Anaplastic large-cell lymphoma: Combination therapy recommended to prevent treatment resistance
A general problem encountered in cancer therapy is that many patients develop resistance to a drug over the course of treatment. In the case of the blood cancer anaplastic large cell lymphoma (ALCL), an international team of researchers led by molecular biologist Suzanne Turner from the University of Cambridge/Masaryk University Brno (CZ) and involving molecular pathologist Lukas Kenner from the MedUni Vienna, has now discovered a specific defense mechanism against certain drugs (ALK inhibitors), which promotes cancer growth. The study has been published as the cover story in the leading journal Blood.
Lymphoma is the most common form of blood cancer and occurs when the lymphocytes of the immune system divide uncontrolled. A distinction is made between Hodgkin lymphoma (HL) and Non-Hodgkin lymphoma, the latter of which also includes anaplastic large cell lymphoma (ALCL), a malignant T-cell lymphoma. ALCL predominantly affects children and adolescents who express the oncogene, anaplastic lymphoma kinase (ALK) in an abnormal way.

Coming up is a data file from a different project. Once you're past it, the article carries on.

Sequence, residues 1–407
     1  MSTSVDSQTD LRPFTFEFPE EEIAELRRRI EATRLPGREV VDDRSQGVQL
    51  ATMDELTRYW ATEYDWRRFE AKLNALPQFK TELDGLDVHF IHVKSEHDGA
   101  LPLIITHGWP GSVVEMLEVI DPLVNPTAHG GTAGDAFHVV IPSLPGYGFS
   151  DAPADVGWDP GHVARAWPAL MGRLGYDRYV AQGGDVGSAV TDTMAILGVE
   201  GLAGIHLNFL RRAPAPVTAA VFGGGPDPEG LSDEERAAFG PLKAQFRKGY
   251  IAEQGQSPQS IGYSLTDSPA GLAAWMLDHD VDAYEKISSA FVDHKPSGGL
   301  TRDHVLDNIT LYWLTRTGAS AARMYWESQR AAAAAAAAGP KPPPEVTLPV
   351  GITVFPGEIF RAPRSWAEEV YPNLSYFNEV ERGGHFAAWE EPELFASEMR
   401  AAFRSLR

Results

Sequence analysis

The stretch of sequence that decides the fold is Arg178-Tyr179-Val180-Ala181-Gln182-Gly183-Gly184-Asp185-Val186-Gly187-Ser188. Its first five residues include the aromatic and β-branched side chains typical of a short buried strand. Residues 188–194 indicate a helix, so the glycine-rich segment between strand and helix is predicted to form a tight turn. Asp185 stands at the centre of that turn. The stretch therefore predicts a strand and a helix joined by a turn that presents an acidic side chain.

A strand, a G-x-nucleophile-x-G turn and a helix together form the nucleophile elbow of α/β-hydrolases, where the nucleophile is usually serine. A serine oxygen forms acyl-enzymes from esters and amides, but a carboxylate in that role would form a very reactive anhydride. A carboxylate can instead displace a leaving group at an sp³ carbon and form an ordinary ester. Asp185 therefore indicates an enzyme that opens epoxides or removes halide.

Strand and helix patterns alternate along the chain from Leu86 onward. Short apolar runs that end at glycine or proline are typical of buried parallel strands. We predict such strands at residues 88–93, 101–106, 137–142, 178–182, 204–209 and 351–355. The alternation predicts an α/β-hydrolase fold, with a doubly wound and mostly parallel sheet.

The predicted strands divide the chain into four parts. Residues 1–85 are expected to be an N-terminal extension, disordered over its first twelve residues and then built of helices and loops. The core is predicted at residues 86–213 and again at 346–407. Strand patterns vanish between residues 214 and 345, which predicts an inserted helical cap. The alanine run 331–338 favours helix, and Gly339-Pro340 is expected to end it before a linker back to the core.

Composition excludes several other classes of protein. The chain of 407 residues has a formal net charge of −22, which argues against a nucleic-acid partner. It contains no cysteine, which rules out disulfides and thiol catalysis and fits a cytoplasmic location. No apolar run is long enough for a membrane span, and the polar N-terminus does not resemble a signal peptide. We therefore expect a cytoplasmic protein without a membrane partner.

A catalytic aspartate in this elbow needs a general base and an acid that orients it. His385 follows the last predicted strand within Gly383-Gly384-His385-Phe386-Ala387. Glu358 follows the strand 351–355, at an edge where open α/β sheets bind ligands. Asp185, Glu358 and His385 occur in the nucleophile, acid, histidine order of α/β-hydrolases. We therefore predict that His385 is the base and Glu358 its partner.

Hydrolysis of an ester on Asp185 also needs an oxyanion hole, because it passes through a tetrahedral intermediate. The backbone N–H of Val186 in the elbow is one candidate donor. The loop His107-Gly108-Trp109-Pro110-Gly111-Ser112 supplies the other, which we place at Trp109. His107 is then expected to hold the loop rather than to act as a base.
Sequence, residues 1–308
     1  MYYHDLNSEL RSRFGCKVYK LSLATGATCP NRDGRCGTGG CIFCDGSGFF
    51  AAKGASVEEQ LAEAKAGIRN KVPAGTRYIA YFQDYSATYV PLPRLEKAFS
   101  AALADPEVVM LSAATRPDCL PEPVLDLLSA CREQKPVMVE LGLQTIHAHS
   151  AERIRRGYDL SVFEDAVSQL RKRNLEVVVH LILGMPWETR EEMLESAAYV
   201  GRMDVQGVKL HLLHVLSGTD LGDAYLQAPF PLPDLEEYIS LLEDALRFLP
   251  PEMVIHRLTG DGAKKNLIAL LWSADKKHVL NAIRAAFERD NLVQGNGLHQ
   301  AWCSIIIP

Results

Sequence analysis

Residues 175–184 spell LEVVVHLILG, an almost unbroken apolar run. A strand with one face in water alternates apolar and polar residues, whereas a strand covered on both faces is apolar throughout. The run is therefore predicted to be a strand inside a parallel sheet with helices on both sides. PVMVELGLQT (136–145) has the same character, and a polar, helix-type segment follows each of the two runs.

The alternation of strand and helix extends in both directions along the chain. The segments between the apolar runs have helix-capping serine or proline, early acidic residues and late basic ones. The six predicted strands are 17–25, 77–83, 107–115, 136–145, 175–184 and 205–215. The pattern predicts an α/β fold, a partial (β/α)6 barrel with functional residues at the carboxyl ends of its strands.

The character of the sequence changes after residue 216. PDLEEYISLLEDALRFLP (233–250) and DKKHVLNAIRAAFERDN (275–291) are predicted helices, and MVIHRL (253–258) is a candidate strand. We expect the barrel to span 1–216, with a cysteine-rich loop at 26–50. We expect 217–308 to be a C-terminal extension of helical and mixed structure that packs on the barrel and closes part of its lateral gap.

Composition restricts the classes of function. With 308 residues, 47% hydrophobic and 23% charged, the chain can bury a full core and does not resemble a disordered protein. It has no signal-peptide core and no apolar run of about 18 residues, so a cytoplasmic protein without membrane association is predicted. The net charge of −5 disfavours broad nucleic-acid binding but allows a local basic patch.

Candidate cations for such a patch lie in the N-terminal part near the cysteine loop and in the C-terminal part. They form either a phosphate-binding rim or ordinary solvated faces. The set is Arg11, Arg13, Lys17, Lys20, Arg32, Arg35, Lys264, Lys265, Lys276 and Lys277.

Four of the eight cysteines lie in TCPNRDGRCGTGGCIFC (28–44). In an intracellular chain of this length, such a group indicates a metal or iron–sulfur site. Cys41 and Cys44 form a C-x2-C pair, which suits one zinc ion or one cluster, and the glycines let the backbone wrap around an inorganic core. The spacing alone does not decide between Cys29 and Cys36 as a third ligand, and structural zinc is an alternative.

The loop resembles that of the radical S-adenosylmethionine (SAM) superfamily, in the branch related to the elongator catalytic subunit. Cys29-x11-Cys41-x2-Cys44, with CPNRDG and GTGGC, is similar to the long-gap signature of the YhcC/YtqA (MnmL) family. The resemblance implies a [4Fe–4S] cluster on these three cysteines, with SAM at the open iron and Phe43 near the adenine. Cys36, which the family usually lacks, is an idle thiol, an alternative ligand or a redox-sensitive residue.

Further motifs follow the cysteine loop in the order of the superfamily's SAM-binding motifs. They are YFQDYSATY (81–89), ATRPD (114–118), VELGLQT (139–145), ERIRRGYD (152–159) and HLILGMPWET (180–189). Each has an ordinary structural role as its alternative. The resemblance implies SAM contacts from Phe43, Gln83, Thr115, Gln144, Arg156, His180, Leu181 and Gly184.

For the present study, Kenner's team, who are experts in the molecular processes in ALCL, worked with Suzanne Turner and other scientists and clinicians from England, France, Italy, Germany, the U.S., Vienna University of Veterinary Medicine and St. Anna Children's Hospital to analyze cell cultures in order to identify the processes involved in drug resistance. The majority of ALCL patients respond to standard chemotherapy, although around 50% of patients with ALCL relapse. ALK inhibitors are then given as the next step but some patients develop resistance to ALK blockade, and the cancer starts to spread again.
The researchers have now discovered that increased expression of a protein called IL-1ORA, which sits on the surface of cancer cells can protect them from a form of personalized medicine, ALK inhibitors. They also demonstrated that this IL-1ORA expression does not correlate with the response to standard chemotherapy. According to Kenner, this observation could lead to a modified form of treatment.
Kenner says: "It would be sensible to use a combination of chemotherapy and ALK inhibitors right from the outset, to safeguard patients from relapse to the greatest possible extent."